By Rob Brown
Be inspired by my cabinet design and then customize the size and finish of your cabinet to accommodate the trash bin of your choice, or multiple recyclable bins.
What You'll Need Materials
- solid lumber of your choice (shown: ash)
- 4' x 8' sheet of 1/4" thick G1S plywood
- 3/4" thick scrap offcuts (for bin support and brackets)
- #8 x 13/4" (14) flat head screws
- #8 x 11/4" (4) flat head screws
- hinges 2411-045
- 1' chain
- #8 x 1" (2) pan head screws
- small washers (2)
- waste or recycle bin (shown: 4435-338)
- Breakout lumber for gables, bottom, top, and stretchers to desired cabinet size.
- Glue up panels for gables, bottom, and top.
- Cut gables and bottom to finished size, but leave length of bottom oversized.
- Machine rabbet in gables to accept stretchers.
- Machine 5/8" wide dados in gables to accept bottom.
- Cut bottom to finished length, accounting for depth of dados in gables.
- Machine rabbet in bottom so it will fit in gable dados. (photo 1)
- Machine rabbets in gables and bottom to accept back panel.
- Drill countersink holes in gables through the stretcher rabbet and bottom dados - ensure holes can be plugged after assembly. (photo 2)
- Assemble the cabinet. Be sure to drill small pilot holes through gables, into stretchers and bottom to eliminate splitting. (photo 3)
- Plug holes, then cut/sand flush when dry. (photo 4)
- Machine and attach kick plate.
- Breakout door panel frame to width - create oversized door panel, so it can be trimmed to fit opening later.
- Machine groove in edges of frame to accept panel.
- Cut door frame rails to finished length.
- Machine stub tenons on ends of door frame rails. (photo 5)
- Cut door panel to size.
- Sand and assemble door.
- Cut and install the centre rails on top of door panel.
- Machine bin support and two angled brackets from scrap 3/4 plywood. (photos 6 & 7)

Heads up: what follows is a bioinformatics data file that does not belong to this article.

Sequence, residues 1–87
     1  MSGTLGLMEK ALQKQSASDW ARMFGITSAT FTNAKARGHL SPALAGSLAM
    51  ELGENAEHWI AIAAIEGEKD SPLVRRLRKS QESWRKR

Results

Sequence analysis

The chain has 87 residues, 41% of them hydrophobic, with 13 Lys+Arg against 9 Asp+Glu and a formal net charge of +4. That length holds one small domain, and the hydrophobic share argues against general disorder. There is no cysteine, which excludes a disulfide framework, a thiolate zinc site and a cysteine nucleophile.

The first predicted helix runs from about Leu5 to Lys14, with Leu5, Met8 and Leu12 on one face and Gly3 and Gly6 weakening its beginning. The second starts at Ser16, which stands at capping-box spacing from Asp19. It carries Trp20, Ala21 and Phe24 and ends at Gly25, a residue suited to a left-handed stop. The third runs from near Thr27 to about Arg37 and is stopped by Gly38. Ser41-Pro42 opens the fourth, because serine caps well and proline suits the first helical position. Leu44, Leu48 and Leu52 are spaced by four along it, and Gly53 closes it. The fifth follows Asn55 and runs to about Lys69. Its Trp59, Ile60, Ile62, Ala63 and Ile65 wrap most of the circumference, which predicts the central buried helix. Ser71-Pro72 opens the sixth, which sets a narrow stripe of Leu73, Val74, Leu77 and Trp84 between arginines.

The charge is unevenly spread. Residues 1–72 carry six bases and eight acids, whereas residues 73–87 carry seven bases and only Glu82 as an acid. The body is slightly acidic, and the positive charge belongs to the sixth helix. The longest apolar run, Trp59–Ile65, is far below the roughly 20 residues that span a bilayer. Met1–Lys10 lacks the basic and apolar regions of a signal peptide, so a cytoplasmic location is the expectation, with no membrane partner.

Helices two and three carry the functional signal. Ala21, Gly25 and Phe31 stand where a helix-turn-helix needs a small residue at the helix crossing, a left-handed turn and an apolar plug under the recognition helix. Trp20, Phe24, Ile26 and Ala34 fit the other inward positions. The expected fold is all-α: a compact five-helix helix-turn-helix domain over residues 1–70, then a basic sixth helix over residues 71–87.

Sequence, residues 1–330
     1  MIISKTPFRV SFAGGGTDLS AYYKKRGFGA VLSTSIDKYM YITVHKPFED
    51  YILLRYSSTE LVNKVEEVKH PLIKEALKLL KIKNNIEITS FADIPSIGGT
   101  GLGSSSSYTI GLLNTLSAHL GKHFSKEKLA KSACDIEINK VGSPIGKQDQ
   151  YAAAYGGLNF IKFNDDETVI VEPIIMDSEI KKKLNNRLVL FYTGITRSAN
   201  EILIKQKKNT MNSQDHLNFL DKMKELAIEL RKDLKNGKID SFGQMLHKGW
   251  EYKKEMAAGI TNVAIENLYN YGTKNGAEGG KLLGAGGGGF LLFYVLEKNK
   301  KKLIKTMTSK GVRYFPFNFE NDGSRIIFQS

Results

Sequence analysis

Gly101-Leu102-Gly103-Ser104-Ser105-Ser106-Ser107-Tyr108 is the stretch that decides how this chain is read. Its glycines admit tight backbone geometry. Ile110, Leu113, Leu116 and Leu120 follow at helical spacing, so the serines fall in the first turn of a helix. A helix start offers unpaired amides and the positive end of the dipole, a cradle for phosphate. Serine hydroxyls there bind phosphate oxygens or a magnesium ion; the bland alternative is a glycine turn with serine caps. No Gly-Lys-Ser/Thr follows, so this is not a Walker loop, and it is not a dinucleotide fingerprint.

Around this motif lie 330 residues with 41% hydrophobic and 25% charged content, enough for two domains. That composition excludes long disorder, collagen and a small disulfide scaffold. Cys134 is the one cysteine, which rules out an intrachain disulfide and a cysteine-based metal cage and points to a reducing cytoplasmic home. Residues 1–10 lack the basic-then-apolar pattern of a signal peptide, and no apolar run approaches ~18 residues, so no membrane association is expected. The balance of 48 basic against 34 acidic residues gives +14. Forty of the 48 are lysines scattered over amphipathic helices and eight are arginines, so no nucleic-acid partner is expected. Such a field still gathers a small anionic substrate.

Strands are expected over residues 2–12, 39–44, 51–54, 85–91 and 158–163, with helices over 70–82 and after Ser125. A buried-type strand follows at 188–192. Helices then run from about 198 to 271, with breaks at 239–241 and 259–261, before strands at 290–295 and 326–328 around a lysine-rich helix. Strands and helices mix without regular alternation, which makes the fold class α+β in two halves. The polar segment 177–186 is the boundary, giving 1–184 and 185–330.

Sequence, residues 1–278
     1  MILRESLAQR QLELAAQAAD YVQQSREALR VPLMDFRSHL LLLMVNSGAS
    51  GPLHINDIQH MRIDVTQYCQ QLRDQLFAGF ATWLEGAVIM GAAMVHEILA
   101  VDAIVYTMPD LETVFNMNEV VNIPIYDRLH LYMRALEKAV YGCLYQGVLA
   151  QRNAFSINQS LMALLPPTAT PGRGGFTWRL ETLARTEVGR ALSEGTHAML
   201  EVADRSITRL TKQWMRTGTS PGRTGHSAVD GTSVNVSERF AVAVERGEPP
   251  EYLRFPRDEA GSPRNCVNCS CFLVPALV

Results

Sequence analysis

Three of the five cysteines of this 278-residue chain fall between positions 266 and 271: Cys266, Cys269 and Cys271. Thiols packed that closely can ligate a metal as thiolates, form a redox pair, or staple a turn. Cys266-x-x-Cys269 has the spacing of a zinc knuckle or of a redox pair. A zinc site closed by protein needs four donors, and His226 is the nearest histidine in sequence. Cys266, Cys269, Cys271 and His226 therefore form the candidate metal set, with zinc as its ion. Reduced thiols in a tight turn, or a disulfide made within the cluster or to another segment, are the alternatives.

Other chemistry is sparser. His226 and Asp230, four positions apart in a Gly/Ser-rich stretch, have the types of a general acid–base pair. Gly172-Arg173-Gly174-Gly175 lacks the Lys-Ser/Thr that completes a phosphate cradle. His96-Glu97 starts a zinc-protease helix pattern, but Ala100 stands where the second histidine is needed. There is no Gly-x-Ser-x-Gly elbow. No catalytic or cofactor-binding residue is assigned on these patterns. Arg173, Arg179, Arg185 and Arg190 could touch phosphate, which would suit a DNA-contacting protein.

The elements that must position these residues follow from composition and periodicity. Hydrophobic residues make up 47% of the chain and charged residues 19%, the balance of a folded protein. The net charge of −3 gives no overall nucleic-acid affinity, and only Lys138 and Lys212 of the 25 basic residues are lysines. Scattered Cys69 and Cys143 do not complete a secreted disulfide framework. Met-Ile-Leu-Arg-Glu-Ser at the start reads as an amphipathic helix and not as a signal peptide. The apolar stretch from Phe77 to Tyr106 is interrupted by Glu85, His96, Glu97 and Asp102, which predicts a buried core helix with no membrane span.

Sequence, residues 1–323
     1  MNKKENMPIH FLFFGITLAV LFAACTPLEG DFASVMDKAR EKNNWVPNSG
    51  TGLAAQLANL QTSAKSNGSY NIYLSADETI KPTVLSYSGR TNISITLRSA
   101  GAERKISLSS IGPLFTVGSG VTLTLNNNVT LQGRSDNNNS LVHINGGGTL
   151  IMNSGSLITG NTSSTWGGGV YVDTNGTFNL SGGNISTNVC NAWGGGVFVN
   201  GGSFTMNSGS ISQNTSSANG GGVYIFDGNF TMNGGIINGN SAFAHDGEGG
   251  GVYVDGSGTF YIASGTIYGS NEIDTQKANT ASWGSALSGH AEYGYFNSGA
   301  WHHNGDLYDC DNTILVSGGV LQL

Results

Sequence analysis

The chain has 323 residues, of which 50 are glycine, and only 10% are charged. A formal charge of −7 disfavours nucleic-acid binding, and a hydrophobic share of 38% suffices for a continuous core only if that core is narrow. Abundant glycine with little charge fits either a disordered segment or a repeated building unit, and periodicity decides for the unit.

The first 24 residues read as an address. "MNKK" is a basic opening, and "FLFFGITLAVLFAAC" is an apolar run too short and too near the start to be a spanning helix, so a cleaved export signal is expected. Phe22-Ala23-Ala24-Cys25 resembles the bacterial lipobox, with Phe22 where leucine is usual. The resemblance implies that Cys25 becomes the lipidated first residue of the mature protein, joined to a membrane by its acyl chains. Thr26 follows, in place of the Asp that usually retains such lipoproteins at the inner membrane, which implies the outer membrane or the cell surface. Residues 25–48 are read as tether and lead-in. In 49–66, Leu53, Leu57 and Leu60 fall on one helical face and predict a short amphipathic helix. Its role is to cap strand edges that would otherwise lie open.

- Use dowels to fasten support to back of door, then attach angled brackets. (photo 8)
- Attach door assembly to cabinet with hinges. (photo 9)
- Trace final dimensions on back of door and cut to size. (photo 10)
- Cut top to final size and route chamfer into front and sides.
- Add chamfered finger hold to side of door.
- Sand entire cabinet.
- Apply desired finish.
- Final assembly of cabinet, including back panel.
- Attach chain to door and cabinet.
|Small Rabbet |
Once the dados are cut into the inner faces of the gables, cut your bottom to length and cut a small rabbet on both of its ends so the bottom fits into the gable. The rabbet should be on the underside of the bottom.
|Pre-Drill the Holes |
Before assembling the cabinet, drill clearance holes through the gables then flip the gables over and drill holes to accept plugs. Drilling from the inside first ensures your holes are centred over the dados and rabbets.
|Pilot Holes |
During assembly, drill small diameter pilot holes through the pre-drilled gables so the bottom and stretchers won’t split.
|Tap in Plugs |
After applying glue to the holes, as well as the outer surface of the plugs, tap them into place.
|Tongue and Groove |
The door frame fits together with a tongue and groove joint. The groove is cut first, and is sized to capture the panel perfectly.
|Use a Dowel Jig |
A dowel jig will help position the holes in the inner edge of the support panel.
|Dowel Centres |
Once the holes are drilled into the waste bin support, insert dowel centres into the holes, position the waste bin support against the inner face of the door where it needs to be and press the waste bin support down. Small indents will be left on the door and mating holes can then be drilled.
|Angled Brackets |
With the angled brackets cut, position them and drill locations for screws. Add glue and assemble the door.
|Install Hinges |
First, open the hinges, and position them on the upper, outer corner of the kick plate, then install the screws to fix the hinges to the cabinet. Next, use supports to help position the door assembly in place, and locate, drill, and install the door assembly.
|Mark the Door |
With the door hinged in place, mark the door so it’s flush with the outer edges of the cabinet. Cut the door so there’s a 1/8” gap between the door and the cabinet top.
Rob Brown designs and builds custom furniture and is editor of Canadian Woodworking and Home Improvement magazine.